Bouncing Back from Tragedy
By RON PARK
Being told that you can never again do something that you really love – that would be hard for anyone, particularly for a young man with his whole life ahead of him. But that was what 18-year-old Blake Rodehaver, son of Jason and Shonda Rodehaver of Greenfield, had to face when a medical emergency back in August put an end to his aspirations as a young athlete.
But through faith and resiliency – and with the love and support of family, friends, teammates, and coaches – Blake has bounced back from that tragedy and disappointment and found a new way to pursue his love of athletics through coaching.
According to Blake, he has been playing sports since he was very young, starting with baseball when he was just four years old. He been a part of Greenfield’s boys basketball program since the 7th grade. Now a senior at Greenfield High School, Blake has been a three-sport athlete for most of his high school career, playing basketball for the past three seasons; baseball his freshman and sophomore years; and football as a freshman, junior, and senior.
According to Blake, he was hoping to go on and play sports at the college level after high school, but, tragically, his career as an athlete ended during Greenfield’s season-opening football game against South Fulton on Aug. 19.
As Blake detailed, he first sensed that something was wrong immediately after an offensive play in which he ran a route as a possible receiver.
“They didn’t throw me the ball, and I started walking toward the sideline,” said Blake. “I felt numb. I couldn’t feel anything. Then I just went out. I woke up in the ambulance.”
Blake was transported by ambulance to a helipad in Greenfield and was airlifted from there to Vanderbilt Medical Center in Nashville.
He was treated and released a few days later, but while he was there, he was informed by doctors that he had a very rare genetic condition called Brugada syndrome, which affects the way electrical signals pass through the heart. It can cause dangerously fast heartbeats known as arrhythmia, which can be life threatening.
“On my third day in the hospital, they broke the news that my career was over,” said Blake. “That was tough.”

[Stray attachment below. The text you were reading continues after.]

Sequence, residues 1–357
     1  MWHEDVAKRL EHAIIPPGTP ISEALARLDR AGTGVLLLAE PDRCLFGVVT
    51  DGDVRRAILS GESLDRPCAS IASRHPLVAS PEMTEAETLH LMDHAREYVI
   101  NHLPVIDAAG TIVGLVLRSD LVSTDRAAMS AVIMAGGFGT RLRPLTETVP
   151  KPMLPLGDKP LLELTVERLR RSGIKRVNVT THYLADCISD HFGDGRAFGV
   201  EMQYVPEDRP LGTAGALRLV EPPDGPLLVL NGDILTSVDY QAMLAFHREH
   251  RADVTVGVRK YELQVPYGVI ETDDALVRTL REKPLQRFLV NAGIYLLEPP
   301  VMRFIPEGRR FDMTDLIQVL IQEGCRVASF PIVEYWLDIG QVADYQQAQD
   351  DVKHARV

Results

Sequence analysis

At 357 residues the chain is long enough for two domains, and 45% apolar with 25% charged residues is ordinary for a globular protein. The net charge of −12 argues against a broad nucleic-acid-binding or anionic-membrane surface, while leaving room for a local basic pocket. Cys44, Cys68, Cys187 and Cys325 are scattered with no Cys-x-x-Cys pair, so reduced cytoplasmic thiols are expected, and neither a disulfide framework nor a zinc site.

But that really wasn’t the end of Blake’s career in athletics – not by a long shot.
According to a Facebook post, Blake’s first words when he got back to school were: “Coach, I still want to be a part of the team, and I’ll do whatever the team needs me to do.”
After some discussion with Greenfield coaches and administrators, Blake decided that he wanted to get into coaching, and it was determined that working as an assistant coach with young athletes at the junior high level would be the ideal way for him to get his feet wet.
And Blake jumped right in, helping out with the junior high football team during their season and now with the junior high boys basketball team, who started their regular season last week.
With this new opportunity, Blake has found a way to channel his love of sports in a way that helps his younger schoolmates hone their skills as upcoming athletes.
“I love these kids, and seeing their passion to play is really encouraging,” said Blake. “It sucks that I can’t play, but this is the next best thing.”
Blake said that he really enjoys working with head boys basketball coach Brandon Sims.
“He’s a great guy,” said Blake. “He’s been very beneficial to me.”
And under Sims, Blake, and the other assistant coaches, the Yellow Jackets have had a really good start to their season, grabbing three wins in their first week, including a 53-6 win over Gleason, a 46-17 win over Lakewood, and 57-19 win over Bradford.
All this has prompted Blake to rethink his future plans.
“I plan to go to a local community college, go into education, and then hopefully start my coaching career,” he said.
And, in spite of the disappointment of no longer being able to play sports, Blake said he is very thankful for the opportunities he has been given – and, most of all, thankful to be alive.
“God is still in the miracle-working business,” he said. “I’m blessed to be here.”